14/01/2022, start at 14:00 | room C1 | text, results, solution | Oral will start at 16:00, of 14.01. Students can attend the oral exam in the next exam dates too (starting from Feb). |

02/02/2022, start at 09:00 | room C1 | text, results, solution | Oral will start at 14:30 in the virtual room of the course, the same day of the written exam |

13/06/2022, start at 09:00 | room L1 | text, solution | |

04/07/2022 | text | ||

25/07/2022 | text |

I strongly suggest refreshing your knowledge about basic Algorithms and Data Structures by looking at the well-known book Introduction to Algorithms, Cormen-Leiserson-Rivest-Stein (third edition). Specifically, I suggest you look at the chapters 2, 3, 4, 6, 7, 8, 10, 11 (no perfect hash), 12 (no randomly built), 15 (no optimal BST), 18, 22 (no strongly connected components). Also, you could look at the Video Lectures by Erik Demaine and Charles Leiserson, specifically Lectures 1-7, 9-10, and 15-17.

Most of the content of the course will be covered by some notes I wrote in these years; for some topics, parts of papers/books will be used. You can download the latest version of these notes from this link. I state that **this material** will be published by *Cambridge University Press* as *Pearls of Algorithm Engineering* by me. This prepublication version is free to view and download for personal use only. Not for redistribution, resale or use in derivative works. © Paolo Ferragina 2020.

Video-lectures of this year are available below, the ones of the last academic year are available too (click on “Videos”, and then sort them by name).

The lectures below include also some **EXTRA** material, which is suggested to be read for students aiming to high rankings.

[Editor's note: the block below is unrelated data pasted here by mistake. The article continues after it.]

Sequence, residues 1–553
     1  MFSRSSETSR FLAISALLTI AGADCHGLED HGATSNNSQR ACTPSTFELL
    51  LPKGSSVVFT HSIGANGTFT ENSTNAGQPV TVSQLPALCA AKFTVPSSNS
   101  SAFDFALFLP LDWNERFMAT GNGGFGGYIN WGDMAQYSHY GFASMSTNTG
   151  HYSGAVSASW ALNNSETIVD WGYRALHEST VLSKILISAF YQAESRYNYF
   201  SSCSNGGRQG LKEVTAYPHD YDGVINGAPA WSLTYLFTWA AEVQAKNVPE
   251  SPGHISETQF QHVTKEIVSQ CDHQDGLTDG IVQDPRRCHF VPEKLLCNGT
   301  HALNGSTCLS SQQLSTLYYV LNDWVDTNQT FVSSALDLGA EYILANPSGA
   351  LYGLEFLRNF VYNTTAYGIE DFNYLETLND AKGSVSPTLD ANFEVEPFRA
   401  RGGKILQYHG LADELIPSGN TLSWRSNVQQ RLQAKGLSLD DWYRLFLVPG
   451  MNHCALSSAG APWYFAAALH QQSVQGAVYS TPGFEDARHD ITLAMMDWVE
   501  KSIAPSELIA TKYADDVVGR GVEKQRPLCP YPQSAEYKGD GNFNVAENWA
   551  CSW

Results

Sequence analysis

Date | Lecture | Biblio |
---|---|---|

13/09/2021 | Introduction to the course. Models of computation: RAM, 2-level memory. An example of algorithm analysis: the sum of n numbers, and binary search. The B-tree (or B+-tree) data structure: searching and updating a big-set of sorted keys. Exercise: evaluating the I/O-cost of binary search. | Chap. 1 of the notes. Read note 1 and note 2 on B-trees. video part 1 and part 2 |

14/09/2021 | The role of the Virtual Memory system. Algorithm for Permuting. Sorting atomic items: sorting vs permuting, comments on the time and I/O bounds. Binary merge-sort, and its I/O-bounds. | Chapter 2 (no sect 2.5-) video part 1 and part 2 |

15/09/2021 | Snow Plow, with complexity proof and an example. Multi-way mergesort. The case of D>1 disks: non-optimality of multi-way MergeSort, the disk-striping technique. Finding the maximum-sum subsequence (study from my notes!). | Chap. 5 of the notes. video part 1 and part 2 |

Students are warmly invited to refresh their know-how about: Divide-and-conquer technique for algorithm design and Master Theorem for solving recurrent relations; and Binary Search Trees | Lecture 2, 9 and 10 of Demaine-Leiserson's course at MIT | |